Monday, April 22, 2013

It’s Earth Day, Every Day!

Today we’re celebrating Earth Day to recognize and celebrate our beautiful world. But Earth Day is every day – you can lead healthier and happier lives by making green choices throughout the year.

Here are my favorite suggestions for “everyday green” – they are simple to do and really add up to make a difference in your carbon footprint (the measured impact you have on the planet)! 


Top Ten Things to Do on Earth Day and Every Day

1. Reduce, Reuse, Recycle – Yeah, I know; you’ve probably heard this a million times before, but it’s an easy mantra to remind yourself to use a little less, extend the life of an item, and make smarter choices. Our trash provider offers a bi-weekly recycling pick up as part of their service; the recycling truck weighs the contents for points on Recycle Bank ( – we can then turn in the points for coupons and other discounts. We also have a recycling center near our home -- research the options and resources available to you.

2. Manage bills and other accounts online – You can save on stamps and envelopes and better track your accounts by setting up “paperless” or “e-accounts” online.  It’s easy and painless (well, except for the having to pay the bills part).

3. Go through closets and drawers and donate or sell – The changing of the seasons is a great time to go through your things and weed out anything that’s no longer needed.  But before you dump it in the garbage, consider whether or not someone else can use those things. You can sell stuff on E-bay or Craig’s List, or you can donate them to a variety of organizations seeking clothing and household items. For furniture or larger items, my old standby is to kick it to the curb. Someone in my neighborhood is bound to find some use for it. Another option to reimagine objects and make them into art pieces.

4. Plant a tree – Adding to the greenery of the world is always a good thing.  It doesn’t have to be a tree –plant flowers, herbs, and vegetables. It doesn’t have to be fancy – any small patch of ground will usually do. If your space is limited, try planting in containers or create a vertical garden. Your local county extension office has master gardeners who can offer advice.

5. Replace old bulbs with energy efficient lights – Change out your regular light bulbs for energy efficient ones that save money and energy. According to the Energy Star program, “If every American home replaced just one light bulb with a light bulb that's earned the ENERGY STAR, we would save enough energy to light 3 million homes for a year, save about $600 million in annual energy costs, and prevent 9 billion pounds of greenhouse gas emissions per year, equivalent to those from about 800,000 cars.”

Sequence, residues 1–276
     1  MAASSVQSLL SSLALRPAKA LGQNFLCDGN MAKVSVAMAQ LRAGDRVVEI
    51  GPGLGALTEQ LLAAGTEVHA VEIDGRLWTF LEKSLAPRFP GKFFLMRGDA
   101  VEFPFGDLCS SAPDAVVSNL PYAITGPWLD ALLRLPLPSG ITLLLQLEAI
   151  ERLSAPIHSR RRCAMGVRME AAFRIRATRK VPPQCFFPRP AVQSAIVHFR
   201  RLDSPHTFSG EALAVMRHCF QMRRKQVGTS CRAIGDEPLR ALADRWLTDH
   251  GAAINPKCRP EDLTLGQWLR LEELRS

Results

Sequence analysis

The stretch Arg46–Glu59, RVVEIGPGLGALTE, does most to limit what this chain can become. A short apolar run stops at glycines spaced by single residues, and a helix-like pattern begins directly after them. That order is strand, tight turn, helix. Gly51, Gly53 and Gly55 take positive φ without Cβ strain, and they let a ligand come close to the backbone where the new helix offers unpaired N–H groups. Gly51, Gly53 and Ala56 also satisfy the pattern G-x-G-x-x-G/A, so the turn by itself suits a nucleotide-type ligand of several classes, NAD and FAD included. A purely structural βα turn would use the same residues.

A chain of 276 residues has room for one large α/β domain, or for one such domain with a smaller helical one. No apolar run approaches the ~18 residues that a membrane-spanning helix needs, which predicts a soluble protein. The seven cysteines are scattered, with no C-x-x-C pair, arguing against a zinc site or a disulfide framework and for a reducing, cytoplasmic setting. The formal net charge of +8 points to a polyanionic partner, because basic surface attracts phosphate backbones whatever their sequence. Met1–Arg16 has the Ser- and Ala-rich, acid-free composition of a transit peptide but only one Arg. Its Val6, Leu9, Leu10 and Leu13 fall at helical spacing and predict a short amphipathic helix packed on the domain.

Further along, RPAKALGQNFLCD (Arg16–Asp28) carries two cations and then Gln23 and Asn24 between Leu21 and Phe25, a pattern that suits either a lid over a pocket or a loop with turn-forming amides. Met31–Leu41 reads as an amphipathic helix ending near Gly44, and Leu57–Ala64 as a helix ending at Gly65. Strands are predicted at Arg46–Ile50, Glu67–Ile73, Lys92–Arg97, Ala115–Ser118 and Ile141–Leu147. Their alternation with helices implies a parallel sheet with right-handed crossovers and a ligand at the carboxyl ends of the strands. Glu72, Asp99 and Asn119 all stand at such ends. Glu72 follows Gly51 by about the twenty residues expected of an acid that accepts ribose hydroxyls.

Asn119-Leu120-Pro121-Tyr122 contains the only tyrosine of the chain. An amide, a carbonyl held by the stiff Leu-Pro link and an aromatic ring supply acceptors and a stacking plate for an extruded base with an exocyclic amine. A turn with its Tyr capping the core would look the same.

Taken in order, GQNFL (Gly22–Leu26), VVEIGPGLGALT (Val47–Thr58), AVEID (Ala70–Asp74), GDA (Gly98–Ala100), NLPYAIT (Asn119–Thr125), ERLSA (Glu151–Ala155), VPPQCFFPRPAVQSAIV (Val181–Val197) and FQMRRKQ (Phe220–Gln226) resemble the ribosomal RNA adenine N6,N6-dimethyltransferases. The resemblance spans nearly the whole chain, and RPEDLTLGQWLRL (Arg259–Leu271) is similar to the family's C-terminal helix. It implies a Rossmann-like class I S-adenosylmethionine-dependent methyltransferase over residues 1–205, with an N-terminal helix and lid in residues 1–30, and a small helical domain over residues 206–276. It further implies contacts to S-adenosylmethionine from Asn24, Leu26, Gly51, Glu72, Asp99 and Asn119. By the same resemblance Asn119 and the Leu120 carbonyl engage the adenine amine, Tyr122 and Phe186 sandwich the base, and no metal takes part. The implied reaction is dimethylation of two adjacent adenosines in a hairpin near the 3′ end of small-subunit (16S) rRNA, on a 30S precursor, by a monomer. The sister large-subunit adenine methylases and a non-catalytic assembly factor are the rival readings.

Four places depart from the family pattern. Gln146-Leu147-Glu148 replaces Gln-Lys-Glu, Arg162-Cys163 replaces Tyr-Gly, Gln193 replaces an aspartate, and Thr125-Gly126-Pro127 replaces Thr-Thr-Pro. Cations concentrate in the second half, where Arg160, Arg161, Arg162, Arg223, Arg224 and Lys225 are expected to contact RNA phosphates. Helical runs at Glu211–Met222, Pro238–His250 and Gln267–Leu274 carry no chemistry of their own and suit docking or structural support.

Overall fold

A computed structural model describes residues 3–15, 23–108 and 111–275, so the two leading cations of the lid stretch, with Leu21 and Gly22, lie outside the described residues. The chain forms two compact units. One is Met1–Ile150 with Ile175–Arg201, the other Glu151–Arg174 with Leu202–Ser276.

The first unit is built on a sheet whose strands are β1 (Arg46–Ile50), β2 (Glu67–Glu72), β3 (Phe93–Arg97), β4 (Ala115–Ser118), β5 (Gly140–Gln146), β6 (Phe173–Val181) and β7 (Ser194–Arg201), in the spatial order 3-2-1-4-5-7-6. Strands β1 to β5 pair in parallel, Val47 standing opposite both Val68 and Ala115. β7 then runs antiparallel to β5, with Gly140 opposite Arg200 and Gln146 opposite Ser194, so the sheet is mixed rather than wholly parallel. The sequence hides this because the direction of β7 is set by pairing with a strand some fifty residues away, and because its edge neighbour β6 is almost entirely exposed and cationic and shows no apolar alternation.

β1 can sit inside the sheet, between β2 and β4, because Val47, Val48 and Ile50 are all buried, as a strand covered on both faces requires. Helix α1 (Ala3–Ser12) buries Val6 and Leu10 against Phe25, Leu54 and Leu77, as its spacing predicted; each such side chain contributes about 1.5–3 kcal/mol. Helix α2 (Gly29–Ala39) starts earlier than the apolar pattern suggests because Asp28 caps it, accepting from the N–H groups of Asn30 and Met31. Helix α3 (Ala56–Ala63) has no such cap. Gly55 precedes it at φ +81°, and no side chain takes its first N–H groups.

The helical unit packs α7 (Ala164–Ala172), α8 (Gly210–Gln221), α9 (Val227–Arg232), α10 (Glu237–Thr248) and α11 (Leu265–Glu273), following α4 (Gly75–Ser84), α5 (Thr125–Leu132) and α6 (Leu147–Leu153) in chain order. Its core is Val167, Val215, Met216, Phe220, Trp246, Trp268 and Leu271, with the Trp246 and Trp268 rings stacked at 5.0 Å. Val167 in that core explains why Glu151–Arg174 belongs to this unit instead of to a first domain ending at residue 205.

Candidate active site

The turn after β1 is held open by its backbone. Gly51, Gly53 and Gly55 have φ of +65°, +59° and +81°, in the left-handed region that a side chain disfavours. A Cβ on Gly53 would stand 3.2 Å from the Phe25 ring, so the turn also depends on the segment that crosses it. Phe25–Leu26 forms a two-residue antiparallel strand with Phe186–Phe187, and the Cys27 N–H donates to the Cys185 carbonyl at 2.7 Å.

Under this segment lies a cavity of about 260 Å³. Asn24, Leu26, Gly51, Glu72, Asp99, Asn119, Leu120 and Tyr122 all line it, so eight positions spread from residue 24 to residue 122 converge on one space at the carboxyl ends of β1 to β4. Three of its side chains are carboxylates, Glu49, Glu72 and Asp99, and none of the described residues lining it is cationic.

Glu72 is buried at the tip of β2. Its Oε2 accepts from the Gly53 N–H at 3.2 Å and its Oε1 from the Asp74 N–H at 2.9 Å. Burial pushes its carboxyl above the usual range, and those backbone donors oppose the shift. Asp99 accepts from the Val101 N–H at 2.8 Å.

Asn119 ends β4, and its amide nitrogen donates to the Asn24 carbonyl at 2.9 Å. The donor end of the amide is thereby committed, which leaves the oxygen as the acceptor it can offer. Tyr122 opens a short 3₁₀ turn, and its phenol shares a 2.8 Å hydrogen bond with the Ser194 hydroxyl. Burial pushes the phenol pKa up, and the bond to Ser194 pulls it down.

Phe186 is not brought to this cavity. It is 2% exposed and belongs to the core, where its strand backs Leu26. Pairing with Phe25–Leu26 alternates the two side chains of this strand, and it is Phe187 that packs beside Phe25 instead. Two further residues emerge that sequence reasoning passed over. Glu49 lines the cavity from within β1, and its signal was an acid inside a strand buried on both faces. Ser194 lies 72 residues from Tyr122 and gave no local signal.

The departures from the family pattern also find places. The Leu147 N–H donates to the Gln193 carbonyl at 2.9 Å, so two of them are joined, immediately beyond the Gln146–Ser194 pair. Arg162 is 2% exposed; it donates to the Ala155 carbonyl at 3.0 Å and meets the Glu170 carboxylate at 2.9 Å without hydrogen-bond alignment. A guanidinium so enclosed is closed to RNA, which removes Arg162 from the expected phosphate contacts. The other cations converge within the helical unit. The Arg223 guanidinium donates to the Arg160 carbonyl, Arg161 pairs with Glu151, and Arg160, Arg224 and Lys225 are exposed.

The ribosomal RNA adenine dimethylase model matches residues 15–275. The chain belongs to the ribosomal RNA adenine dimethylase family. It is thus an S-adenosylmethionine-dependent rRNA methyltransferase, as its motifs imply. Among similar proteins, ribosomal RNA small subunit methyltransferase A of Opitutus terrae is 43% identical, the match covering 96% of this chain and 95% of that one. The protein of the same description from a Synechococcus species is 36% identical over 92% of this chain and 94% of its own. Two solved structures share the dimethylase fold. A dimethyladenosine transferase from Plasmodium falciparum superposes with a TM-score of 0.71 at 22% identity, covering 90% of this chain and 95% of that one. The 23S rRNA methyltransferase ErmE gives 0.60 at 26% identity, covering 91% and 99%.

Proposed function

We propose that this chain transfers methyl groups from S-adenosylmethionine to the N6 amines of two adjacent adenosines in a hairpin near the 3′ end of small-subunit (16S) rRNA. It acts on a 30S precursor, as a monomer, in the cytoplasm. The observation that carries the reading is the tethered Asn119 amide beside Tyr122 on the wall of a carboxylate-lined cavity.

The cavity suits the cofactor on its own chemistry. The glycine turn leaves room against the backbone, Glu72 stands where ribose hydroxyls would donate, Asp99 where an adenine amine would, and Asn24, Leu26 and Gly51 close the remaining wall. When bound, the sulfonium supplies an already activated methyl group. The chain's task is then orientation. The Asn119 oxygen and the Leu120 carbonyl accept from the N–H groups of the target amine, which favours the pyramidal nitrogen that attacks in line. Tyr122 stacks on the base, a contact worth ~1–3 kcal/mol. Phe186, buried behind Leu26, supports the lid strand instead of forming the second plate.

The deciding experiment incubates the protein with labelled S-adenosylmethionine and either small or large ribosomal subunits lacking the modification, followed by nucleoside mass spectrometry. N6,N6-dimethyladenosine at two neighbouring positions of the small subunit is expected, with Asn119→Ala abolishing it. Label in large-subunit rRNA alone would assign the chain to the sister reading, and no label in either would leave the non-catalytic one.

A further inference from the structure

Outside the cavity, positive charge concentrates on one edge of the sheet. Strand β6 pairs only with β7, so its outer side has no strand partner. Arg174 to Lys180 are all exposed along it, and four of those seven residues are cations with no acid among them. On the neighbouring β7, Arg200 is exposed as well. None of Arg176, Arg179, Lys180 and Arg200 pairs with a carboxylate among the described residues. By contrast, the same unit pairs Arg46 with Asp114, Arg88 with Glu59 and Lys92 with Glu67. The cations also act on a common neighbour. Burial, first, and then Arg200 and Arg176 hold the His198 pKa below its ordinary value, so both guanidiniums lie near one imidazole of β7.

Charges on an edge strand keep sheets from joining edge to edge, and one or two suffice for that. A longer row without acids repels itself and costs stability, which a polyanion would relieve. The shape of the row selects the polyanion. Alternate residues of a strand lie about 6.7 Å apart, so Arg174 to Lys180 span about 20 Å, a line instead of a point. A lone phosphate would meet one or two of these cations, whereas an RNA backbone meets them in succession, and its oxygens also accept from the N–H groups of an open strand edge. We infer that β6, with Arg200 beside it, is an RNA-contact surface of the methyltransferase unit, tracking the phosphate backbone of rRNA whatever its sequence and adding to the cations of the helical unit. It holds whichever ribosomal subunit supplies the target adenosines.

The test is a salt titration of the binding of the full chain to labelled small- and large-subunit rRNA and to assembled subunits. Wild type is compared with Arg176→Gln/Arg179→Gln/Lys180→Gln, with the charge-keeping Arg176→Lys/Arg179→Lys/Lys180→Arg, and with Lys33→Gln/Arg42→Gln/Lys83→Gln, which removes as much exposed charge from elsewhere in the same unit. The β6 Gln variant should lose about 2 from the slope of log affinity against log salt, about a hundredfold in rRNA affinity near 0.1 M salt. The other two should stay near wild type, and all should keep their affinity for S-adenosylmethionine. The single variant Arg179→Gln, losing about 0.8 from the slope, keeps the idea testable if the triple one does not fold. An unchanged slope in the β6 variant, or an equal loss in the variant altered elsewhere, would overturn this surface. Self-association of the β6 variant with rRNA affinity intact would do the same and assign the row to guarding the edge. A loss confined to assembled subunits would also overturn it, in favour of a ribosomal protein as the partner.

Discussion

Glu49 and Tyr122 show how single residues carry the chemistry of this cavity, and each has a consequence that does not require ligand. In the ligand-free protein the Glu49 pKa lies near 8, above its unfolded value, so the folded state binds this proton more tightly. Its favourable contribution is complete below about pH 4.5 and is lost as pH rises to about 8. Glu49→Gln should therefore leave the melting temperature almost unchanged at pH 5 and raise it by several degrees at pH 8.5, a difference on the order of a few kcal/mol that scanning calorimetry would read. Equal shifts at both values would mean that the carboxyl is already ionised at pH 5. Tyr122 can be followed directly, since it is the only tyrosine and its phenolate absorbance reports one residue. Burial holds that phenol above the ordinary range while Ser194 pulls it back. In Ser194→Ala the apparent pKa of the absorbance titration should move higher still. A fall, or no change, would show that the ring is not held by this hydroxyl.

6. Be mindful about your food If you are able to, purchase organic fruits, vegetables, and other products to avoid the pesticides and chemicals that are harsh on both your body and the environment. If “all organic” is out of your budget, be selective; do some research on the fruits and vegetables with the most pesticides in them, and use a portion of your budget for some organic items. Visit your local farmer’s market for fresh and healthy options. Food that has to travel long distances has a negative impact on the environment – consider the gas used in an airplane or commercial truck to move the food to your store as well as the packaging and refrigeration to preserve food until it reaches you. Learn more about the benefits of farm-to-table options that bring food more directly to your plate.

7. Go for the natural products in your home and yard In my view, you don’t need cleaning products full of harsh chemicals to have a fresh home. You can make your own non-toxic cleaners with good old water and things like lemons, baking soda, and white vinegar. Lots of brands on the market offer natural and non-toxic cleaners.

8. Replace inefficient appliances with Energy Star-rated ones – We had a water audit last year (provided by a local non-profit organization) and was shocked to discover that our old toilet uses a whopping 5 gallons of water with every flush!  Also, our energy company offers a rebate to switch it out with an energy-efficient model.  Similarly, we thought we were being smart by keeping our old refrigerator; instead, we found that it was actually using significantly more energy; our new energy-efficient refrigerator saves us a lot of money in the long run and keeps food ten times fresher than the old one creating less waste.

9. Use less hot water – Take shorter showers (rather than baths); use the cold or warm setting on your clothes washer. Save even more energy by hanging out your clothes to dry instead of using the dryer. Consider replacing old appliances with energy-efficient, Energy Star-rated ones.

10. Be smart with your thermostat – just lowering your heat by one degree can save 10% on your energy bill. Our energy company offers a “Saver’s Switch” that uses remote control to turn AC units on and off for brief intervals during the highest usage days to help conserve energy.

What other suggestions and ideas do you have? Small changes can make a huge difference for the environment.

Kim Kennedy White, PhD, is an independent folklorist and acquisitions editor for ABC-CLIO’s American Mosaic. She’s the editor of America Goes Green: An Encyclopedia of Eco-Friendly Culture in the United States.

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